A couple of weeks ago, Geffen Records released a deluxe 20th anniversary package of Nirvana’s third and final studio album In Utero. It has been 20th Anniversary-Mania for music scribes, labels, and fans this year as every week seems to bring another waft of nostalgia. Not only was 1993 the heart of the alterna-boom, it really did produce some classic and career-defining albums. As “modern rock” exploded I was fortunate enough to have a great vantage point from both the music retail trenches and the beer-soaked floors of the shows as we watched our favorite bands go from underground heroes to MTV regulars. In July of 1993, I ventured to New York City for the New Music Seminar with a buddy — we’ll call him Rick. I chronicled this vacation road trip at length, and you’ll find more from that excursion and 1993 in general in future posts. For now here’s an excerpt detailing one memorable night:
Tonight was a “surprise” show from Nirvana and the Jesus Lizard at Roseland. Announced only two days prior, this was the event of the week. We figured it would be the only chance to see them in such a small venue, and we could hear them perform material from their long awaited forthcoming LP In Utero. Nirvana in N.Y.C. — maybe something to tell the kids someday.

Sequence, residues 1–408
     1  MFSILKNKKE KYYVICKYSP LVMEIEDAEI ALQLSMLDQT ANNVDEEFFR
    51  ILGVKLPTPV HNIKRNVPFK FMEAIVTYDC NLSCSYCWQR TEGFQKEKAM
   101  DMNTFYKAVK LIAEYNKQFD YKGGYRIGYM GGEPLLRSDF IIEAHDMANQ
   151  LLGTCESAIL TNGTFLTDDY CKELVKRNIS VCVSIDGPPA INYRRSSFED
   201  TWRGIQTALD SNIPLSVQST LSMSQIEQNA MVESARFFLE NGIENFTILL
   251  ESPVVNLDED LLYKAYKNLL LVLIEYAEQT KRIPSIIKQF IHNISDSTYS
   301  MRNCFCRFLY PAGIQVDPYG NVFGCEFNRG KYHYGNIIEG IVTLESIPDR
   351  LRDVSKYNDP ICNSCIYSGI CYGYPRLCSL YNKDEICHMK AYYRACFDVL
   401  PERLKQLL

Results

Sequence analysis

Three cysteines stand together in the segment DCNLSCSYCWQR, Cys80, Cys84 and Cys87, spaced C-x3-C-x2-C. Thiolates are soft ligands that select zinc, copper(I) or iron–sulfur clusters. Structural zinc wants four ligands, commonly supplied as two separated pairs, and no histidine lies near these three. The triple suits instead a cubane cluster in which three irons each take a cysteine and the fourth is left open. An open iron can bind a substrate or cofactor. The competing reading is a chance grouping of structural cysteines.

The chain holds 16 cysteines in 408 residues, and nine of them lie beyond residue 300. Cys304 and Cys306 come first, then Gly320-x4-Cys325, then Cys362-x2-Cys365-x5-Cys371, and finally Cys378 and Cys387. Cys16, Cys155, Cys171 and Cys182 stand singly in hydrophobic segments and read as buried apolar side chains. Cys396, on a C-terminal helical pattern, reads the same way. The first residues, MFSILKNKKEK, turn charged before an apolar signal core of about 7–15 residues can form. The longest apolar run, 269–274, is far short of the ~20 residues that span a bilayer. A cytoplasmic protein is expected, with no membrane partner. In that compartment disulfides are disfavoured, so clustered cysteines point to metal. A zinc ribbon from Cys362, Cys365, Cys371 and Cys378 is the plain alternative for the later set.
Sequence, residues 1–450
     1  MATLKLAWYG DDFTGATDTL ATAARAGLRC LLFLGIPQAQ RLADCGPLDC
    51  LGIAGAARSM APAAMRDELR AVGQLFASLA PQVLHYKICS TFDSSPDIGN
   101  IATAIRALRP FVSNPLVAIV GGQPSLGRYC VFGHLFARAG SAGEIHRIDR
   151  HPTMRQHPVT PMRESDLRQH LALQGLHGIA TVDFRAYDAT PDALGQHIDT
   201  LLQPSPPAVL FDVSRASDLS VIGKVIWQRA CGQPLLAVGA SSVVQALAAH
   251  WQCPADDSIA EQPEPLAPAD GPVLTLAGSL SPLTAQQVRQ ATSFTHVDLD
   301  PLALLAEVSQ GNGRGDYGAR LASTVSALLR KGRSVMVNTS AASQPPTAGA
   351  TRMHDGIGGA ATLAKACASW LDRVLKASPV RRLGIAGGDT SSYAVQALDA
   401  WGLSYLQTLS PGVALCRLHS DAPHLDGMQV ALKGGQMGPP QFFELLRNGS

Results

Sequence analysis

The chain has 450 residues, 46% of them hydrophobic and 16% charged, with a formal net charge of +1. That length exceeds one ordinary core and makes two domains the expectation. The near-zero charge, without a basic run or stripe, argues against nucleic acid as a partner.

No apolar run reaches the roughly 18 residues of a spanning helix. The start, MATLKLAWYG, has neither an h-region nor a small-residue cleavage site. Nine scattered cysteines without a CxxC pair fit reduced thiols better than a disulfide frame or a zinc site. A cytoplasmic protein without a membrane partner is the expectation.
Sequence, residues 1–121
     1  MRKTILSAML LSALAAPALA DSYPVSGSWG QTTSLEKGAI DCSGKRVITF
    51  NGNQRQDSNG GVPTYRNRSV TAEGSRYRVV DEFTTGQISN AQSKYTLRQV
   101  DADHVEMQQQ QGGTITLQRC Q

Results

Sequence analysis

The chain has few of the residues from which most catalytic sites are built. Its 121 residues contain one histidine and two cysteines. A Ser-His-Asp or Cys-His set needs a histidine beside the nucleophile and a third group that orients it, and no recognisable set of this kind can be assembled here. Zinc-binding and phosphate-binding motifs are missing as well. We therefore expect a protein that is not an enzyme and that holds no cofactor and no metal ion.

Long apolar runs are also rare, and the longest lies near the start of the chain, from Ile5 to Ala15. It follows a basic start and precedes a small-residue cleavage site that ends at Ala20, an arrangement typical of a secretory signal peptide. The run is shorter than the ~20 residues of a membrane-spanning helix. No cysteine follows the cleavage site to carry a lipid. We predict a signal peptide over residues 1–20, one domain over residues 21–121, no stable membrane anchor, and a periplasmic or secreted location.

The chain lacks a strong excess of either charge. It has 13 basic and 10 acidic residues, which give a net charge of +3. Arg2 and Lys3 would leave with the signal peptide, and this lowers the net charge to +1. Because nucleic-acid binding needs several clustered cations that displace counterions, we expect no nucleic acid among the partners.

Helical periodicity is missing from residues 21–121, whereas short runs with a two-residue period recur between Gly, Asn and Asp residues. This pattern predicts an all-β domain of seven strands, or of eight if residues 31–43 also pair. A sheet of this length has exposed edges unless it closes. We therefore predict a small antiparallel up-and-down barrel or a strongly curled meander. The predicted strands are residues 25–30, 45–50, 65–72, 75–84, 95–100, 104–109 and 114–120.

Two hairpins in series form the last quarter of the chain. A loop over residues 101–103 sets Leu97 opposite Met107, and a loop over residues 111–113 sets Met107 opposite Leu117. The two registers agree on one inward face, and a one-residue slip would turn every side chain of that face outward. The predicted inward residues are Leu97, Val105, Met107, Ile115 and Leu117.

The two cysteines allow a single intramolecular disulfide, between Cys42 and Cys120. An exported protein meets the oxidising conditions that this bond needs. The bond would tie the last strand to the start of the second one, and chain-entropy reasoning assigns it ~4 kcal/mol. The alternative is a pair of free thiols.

Anticipation was high for the show as epitomized by a Swedish tourist whom we met at the front of the stage. He had paid $75 to a scalper for his ticket just to see the Jesus Lizard and was equally eager to see Cop Shoot Cop on the following night. Shrugging off the price he paid, he summed up our week well. “You know,” he said, “it’s New York. Everybody wants to take your money.”
The Jesus Lizard was phenomenal. They thumped it out as tightly as ever as vocalist David Yow chain-guzzled cans of Bud. We had staked out some ground near the stage and helped Yow stay afloat during his many sojourns into the crowd.
When Nirvana hit the stage, we were bounced back to the “old guy section” even though we were wearing sensible shoes. The only escape from the rampant teen spirit of the N.Y.C. youthful would have been the special guest area above us that seated the Kurt Loders and Courtney Loves.
Anyway, the barrier-breaking trio turned in a set that was musically better than what I had experienced on ’91’s Nevermind tour. Included were new ones like Heart Shaped Box and older faves like School, and they also debuted their female cellist friend for some quieter moments. The show was a classic example of what Nirvana was all about, characteristically sloppy at points and brilliant at others. Kurt Cobain ended the show on the floor, drenching us with and basking in his guitar’s feedback.
Nirvana would swing through our Northeast Ohio Region about three months later for a Halloween show at Akron University with their upstart labelmate Beck and their heroes, the Meat Puppets. I decided to sit that one out as my tastes leaned almost exclusively to smaller underground club shows. It turns out that that would be Nirvana’s last Northeast Ohio appearance.
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